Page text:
These two, though, decided to make it appear as if they had given all the proceeds of the sale to the apostles. They were putting on a show and trying to appear more generous than they were.

Peter tells them something interesting: You didn’t lie to men but to God (Verse 4). When they try to appear more spiritual than they are before God’s people, they are trying to lie to God. Ultimately, this costs them their lives.

God isn’t a God of coercion. He doesn’t want our false pretenses. He doesn’t want us to fake more faith or love or generosity than we have. He sees right through all that.  He desires us to be authentic before him and to live with integrity.

Be authentic with God and His people. He knows anyway. And he desires you to live with integrity before him and others. In addition to that, pray for grace from God. Pray that he would do such a work in your heart that you’ll never have to fake holiness. Pray that he will make you actually become holy so that you never have to fake it.

God doesn’t want us to fake holiness. He wants to make us truly holy, so that we don’t have to fake it. Live openly before him today. But do it with open hands, knowing that he is going to change you into the type of person that never has to fake it.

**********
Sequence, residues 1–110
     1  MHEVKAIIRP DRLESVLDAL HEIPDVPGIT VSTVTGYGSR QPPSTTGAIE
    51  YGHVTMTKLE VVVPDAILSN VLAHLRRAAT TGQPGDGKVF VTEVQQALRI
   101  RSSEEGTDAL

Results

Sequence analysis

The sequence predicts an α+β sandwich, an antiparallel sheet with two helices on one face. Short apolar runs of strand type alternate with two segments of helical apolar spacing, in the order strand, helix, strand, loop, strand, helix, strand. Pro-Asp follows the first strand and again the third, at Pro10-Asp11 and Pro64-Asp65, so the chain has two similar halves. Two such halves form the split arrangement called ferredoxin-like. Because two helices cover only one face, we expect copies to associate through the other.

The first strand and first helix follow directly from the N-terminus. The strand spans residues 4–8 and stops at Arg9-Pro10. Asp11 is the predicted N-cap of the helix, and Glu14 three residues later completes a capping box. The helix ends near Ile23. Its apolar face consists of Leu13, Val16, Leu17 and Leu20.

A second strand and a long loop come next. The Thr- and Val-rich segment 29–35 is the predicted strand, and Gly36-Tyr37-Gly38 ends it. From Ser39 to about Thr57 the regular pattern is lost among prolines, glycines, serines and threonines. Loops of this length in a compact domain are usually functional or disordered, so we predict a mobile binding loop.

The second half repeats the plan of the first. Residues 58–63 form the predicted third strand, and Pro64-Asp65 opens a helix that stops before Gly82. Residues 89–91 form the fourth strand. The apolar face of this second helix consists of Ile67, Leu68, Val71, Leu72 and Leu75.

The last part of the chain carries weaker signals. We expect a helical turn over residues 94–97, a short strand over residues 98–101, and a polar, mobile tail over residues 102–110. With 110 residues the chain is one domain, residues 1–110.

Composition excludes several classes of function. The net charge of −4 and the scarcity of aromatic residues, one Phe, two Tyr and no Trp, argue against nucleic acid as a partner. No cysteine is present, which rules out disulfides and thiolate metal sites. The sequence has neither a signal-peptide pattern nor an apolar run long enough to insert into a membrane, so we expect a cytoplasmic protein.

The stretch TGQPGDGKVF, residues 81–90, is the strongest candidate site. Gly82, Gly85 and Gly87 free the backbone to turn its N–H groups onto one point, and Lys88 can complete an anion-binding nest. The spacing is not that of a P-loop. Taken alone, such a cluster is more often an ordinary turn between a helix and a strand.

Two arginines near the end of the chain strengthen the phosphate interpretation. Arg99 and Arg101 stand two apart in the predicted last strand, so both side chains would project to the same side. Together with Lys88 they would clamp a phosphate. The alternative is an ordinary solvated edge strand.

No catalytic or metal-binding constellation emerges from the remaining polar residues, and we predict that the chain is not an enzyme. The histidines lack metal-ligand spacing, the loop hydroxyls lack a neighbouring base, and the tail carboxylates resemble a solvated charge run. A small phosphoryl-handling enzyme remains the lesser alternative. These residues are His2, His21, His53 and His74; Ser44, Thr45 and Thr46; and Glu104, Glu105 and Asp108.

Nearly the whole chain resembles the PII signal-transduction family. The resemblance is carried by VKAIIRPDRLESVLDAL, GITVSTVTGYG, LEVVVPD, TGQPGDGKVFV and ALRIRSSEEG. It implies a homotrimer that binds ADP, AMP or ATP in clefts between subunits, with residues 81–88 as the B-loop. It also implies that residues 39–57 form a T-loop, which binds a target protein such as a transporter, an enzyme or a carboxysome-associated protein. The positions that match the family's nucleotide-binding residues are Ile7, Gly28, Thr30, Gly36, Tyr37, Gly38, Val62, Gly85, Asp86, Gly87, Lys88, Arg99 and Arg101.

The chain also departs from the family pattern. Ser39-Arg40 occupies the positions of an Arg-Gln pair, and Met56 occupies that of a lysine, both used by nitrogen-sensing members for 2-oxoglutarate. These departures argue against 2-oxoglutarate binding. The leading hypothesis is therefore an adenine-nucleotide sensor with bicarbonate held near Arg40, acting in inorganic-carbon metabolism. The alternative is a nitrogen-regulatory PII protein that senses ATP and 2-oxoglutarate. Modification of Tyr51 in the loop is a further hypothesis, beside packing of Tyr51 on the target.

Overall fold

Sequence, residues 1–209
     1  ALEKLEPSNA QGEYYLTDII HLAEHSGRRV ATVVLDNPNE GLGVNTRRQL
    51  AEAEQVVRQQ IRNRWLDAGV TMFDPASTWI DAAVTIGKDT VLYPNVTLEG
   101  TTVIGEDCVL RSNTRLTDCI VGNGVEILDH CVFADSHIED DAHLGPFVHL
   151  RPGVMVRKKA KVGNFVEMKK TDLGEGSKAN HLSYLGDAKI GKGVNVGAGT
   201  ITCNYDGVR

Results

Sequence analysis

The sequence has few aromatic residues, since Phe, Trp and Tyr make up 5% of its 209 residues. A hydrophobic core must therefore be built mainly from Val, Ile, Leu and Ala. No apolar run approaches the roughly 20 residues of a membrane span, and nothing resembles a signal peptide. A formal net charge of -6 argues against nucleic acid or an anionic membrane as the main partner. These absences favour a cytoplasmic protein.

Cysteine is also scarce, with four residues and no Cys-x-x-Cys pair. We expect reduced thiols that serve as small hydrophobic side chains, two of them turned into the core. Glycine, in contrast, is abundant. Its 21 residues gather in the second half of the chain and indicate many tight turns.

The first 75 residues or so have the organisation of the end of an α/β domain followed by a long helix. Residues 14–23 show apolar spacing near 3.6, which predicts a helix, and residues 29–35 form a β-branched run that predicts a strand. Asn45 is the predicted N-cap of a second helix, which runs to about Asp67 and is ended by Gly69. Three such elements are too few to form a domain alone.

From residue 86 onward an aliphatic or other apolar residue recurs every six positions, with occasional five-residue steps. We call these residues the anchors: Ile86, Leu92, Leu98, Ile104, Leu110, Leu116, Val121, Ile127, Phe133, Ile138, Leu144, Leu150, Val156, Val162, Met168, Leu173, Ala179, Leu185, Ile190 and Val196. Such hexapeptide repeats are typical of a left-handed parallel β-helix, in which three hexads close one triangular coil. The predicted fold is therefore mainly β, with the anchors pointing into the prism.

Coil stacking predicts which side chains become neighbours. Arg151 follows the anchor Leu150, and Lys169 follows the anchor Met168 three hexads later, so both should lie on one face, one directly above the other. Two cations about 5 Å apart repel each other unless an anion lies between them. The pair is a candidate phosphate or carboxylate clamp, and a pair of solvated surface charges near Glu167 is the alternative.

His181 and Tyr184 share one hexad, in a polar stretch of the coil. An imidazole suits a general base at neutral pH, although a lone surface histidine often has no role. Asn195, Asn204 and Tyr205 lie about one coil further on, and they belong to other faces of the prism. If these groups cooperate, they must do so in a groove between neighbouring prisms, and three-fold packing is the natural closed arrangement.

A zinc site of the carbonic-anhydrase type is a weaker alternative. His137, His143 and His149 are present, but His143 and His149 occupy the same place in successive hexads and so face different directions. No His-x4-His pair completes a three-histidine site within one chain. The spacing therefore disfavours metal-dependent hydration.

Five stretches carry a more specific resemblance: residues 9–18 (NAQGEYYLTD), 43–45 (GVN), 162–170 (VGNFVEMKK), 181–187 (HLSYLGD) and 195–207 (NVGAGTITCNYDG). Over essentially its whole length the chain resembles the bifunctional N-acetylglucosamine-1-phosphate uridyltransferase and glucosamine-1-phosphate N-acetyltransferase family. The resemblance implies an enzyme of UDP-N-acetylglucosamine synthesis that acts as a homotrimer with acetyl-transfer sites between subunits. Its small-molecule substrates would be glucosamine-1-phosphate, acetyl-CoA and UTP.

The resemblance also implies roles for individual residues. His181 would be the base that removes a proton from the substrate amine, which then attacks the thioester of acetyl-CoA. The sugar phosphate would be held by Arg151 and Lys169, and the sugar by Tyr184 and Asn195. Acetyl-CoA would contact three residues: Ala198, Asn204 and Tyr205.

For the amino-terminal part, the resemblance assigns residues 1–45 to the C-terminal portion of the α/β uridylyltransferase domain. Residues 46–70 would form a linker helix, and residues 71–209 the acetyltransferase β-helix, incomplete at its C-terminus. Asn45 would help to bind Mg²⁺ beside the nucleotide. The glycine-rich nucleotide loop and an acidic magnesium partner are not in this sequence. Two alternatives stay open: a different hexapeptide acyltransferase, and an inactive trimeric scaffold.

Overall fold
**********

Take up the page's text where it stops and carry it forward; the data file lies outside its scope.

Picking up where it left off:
Proclamation Accompanied by Power

There is a beautiful prayer in Acts 4 after Peter and John’s persecution. It is obvious that the traditions that use Collect prayers took the form straight from prayers like this.

“Sovereign Lord, who made the heavens and the earth and the sea and everything in them… look upon their threats and grant to your servants to continue to speak your word with all boldness, while you stretch out your hand to heal, and signs and wonders are performed through the name of your holy servant Jesus.”

In the intervening words, there is an example of David’s Psalm and an affirmation that Jesus is the fulfillment.

I love this prayer. This prayer is the foundation for ministry. The believers ask for two things to take place simultaneously. First, they ask that God gives them grace to continue to speak with boldness amidst persecution. They are undergoing incredible persecution, and they need God’s help to proclaim the Gospel with boldness.

Second, they ask that God would continue to display the Gospel with healing, signs and wonders. They ask God to reveal himself as they proclaim the good news with boldness.

I must confess, I have very little experience with displays of miracles as accompaniment to the proclamation of the Gospel. I have seen a few miracles as I and others have prayed for each other. God healed a bum knee for someone I prayed for, he instantly healed a headache for another, and a shoulder for another woman. I am sure there are more that I haven’t recalled.

But these guys expected this to be commonplace. Signs and wonders were part and parcel of the ministry of the early church. They were signs that accompanied the Gospel. They made it obvious something new was happening.